(ORDO NEWS) — We have a new understanding of the amazing Martian phenomenon thanks to the joint work of two orbiting space probes.
NASA’s Martian Atmosphere and Volatile Evolution (MAVEN) and the United Arab Emirates Hope Probe have joined forces. to study the ultraviolet proton auroras that dance and glow high in the Martian atmosphere.
The new study shows that these diurnal phenomena are not always scattered, inexpressive and evenly distributed, but are very dynamic and changeable, contain small-scale structures.
“EMM (Emirates Mars Mission) observations showed that the aurora was so widespread and disorganized that the plasma environment around Mars must have been really disrupted to the point where the solar wind had a direct effect on the upper atmosphere everywhere we go.” observed auroral radiation, says planetary scientist Mike Chaffin of the University of Colorado at Boulder.
“By combining EMM aurora observations with MAVEN measurements of the aurora plasma environment, we can confirm this hypothesis and determine that what we saw was, in fact, a map of where the solar wind was hitting the planet.”
Proton auroras, the most common auroras on the red planet, were first described in 2018, as seen in MAVEN data. They form in a very similar way to how auroras form on Earth; however, since Mars is a very different beast, with no inner magnetosphere like Earth’s, the end result is unique to Mars.
The closest magnetic field the red planet actually has to the global magnetic field is flimsy. caused by the buzzing of charged particles slowing down on impact with the atmosphere. Weak as it is, it is usually enough to deflect many of the high-speed protons and neutrons that fall from the Sun.
Proton auroras are formed when positively charged protons from the solar wind collide with Mars. hydrogen shell and ionize, stealing electrons from hydrogen atoms to become neutral.
This exchange of charges allows neutral particles to bypass the bow shock of the magnetic field around Mars, settling in the upper atmosphere and emitting ultraviolet light.
This process was thought to reliably produce a uniform aurora on the day side of Mars. New observations show the opposite.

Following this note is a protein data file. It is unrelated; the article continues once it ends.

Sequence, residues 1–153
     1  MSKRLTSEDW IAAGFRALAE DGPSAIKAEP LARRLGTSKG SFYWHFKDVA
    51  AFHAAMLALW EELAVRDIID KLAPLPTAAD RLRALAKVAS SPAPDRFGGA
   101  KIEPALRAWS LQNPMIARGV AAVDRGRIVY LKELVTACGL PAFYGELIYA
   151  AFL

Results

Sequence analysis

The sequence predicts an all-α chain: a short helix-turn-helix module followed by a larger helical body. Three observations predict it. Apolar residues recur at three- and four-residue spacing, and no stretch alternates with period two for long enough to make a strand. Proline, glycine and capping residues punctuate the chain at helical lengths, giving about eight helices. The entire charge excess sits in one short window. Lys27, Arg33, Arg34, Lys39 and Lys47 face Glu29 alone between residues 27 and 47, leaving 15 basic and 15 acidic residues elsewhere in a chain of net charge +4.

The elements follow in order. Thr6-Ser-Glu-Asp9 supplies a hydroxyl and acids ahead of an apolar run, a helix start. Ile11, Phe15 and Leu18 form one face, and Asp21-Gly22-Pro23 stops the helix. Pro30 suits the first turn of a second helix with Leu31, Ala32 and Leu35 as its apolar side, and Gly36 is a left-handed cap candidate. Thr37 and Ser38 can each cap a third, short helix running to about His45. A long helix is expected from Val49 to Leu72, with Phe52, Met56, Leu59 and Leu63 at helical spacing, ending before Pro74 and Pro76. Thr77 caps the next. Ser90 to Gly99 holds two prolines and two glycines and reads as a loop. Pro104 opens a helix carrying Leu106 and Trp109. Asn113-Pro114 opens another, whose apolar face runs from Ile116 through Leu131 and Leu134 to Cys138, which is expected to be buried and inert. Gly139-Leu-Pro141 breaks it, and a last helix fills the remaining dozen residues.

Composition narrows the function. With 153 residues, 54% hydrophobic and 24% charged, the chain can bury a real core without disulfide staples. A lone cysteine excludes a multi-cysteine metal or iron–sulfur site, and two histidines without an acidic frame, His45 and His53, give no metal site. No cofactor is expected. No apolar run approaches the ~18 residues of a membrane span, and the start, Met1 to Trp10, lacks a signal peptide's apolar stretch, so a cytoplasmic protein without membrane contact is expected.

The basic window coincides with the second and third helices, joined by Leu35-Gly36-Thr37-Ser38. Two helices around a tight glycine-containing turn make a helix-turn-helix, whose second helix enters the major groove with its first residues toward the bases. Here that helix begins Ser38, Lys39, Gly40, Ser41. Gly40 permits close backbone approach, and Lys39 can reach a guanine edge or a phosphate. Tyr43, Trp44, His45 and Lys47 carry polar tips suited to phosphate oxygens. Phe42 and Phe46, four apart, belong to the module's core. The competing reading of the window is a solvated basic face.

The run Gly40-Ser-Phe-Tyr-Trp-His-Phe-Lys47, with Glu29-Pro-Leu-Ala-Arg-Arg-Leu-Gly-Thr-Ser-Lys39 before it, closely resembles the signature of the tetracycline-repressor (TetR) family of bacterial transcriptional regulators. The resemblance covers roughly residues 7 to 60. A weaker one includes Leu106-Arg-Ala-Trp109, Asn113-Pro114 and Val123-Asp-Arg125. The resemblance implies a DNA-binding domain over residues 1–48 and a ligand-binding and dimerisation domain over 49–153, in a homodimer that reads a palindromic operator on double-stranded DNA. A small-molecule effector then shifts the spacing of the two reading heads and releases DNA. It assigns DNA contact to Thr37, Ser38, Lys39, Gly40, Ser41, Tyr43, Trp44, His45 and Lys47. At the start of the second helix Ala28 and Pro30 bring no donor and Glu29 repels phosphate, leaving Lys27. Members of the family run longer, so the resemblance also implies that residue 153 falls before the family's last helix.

Instead of the expected smooth profile, the Hope data show that auroras are sometimes patchy, suggesting that unknown processes may be at work during the formation of these auroras. aurorae.
This is where MAVEN comes into play. NASA’s orbiter is equipped with a full array of plasma instruments to study the solar wind, magnetic environment, and thermal ions in space around Mars.
He simultaneously took measurements while Hope photographed the strange auroras and combined the data. allowed scientists to reconstruct the cause of this.
“By examining the Emirates Martian mission’s many observations of patchy aurorae that have different shapes and locations, and combining these images with plasma measurements taken by NASA’s Martian atmosphere and the Volatile EvolutioN mission, we concluded that a number of processes can create spotty auroras,” the researchers write in their paper.
“This patchy aurora is mainly the result of plasma turbulence, which under some circumstances results in direct deposition of the solar wind over the entire Martian dayside.”
In other words, a rare chaotic interaction between Mars and the solar wind is responsible for the spotted aurora; although it is not entirely clear what the impact on the Martian surface is.
However, it is possible that there are implications for the long-term loss of the atmosphere and water; without a global magnetic field, Mars keeps losing both.
Interestingly, proton aurorae both smooth and patchy may help us understand at least one of them, as the hydrogen involved is partly created by water from the Martian atmosphere leaking into space.
“In the future, a lot of data and modeling studies will be required,” the researchers write, “to reveal the full implications of these conditions for the evolution of the Martian atmosphere.”
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